West’s unparalleled chronological and thematic range is extended still further in his ambitious twentieth novel, set in ancient Egypt during the time (c. 2700 b.c.) of its Fourth Dynasty.
In a tactic reminiscent (and worthy) of Gore Vidal, West sends Greek historian Herodotus back in time to interview the aging pharaoh Cheops, as the latter arranges his own immortality by ordering construction of the great pyramids at Giza. “Herr Rodotus,” as he’s misidentified, is greeted by God of the Nile (and, presumably, doorman) Osiris, whose own tart comments alternate with those voiced by the pharaoh’s family and retinue. But Cheops and Herodotus dominate the story’s foreground, bonding cautiously, twitting each other slyly about the merits and failings of their respective civilizations, and debating Cheops’s insistence that he can feel himself becoming a god. Rudiments of a plot emerge through the (heavy, though not oppressive) miasma of rhetoric: the disappearance of Cheops’s (perhaps incestuously inclined) son Ka-wab; the balancing acts performed by his favored daughter Heduanna (educated as a scribe; ever one step ahead of the men who intend to appropriate her); and the wily marital and maternal maneuverings of Cheops’s wife (and, formerly, his father’s wife) Merytytes, who knows only too well how females may survive (“Woman must ever expect to marry her father, sleep with her brother, be the constant target of uncles and nephews”). What impresses most, however, is West’s gorgeously stylized re-creation (obviously carefully researched and, more importantly, vividly imagined) of a surpassingly strange vanished culture. This is most wittily accomplished through the declarations of Cheops and his inferiors, and in (often hilarious) illustrations of Herodotus’s well-known penchant for lurid exaggeration.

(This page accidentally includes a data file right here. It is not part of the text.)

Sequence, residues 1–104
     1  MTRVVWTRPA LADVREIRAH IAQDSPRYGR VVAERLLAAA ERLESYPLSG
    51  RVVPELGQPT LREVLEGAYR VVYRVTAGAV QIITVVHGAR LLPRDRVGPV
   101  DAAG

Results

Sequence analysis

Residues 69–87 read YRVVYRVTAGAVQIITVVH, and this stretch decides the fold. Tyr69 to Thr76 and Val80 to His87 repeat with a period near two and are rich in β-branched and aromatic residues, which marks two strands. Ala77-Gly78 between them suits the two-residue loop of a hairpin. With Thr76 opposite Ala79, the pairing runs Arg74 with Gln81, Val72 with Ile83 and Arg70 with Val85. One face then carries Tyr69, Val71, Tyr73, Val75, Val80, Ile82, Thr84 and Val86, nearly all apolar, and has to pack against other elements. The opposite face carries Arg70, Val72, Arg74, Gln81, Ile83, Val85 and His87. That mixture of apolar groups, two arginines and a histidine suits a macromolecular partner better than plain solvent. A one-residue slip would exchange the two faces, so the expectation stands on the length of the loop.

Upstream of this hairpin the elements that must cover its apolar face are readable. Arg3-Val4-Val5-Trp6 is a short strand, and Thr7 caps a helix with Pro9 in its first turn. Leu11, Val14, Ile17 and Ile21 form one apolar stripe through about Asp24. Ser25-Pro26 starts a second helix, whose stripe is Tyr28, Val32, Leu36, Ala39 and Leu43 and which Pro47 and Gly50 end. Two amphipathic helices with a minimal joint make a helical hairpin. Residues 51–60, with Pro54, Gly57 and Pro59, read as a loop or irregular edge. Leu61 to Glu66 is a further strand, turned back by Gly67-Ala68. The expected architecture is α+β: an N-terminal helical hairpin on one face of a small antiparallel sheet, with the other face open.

This adventurous, high-spirited writer is almost always forgotten when prize nominations are announced. The prize-givers might well note that an indisputably major oeuvre is taking shape right before their eyes.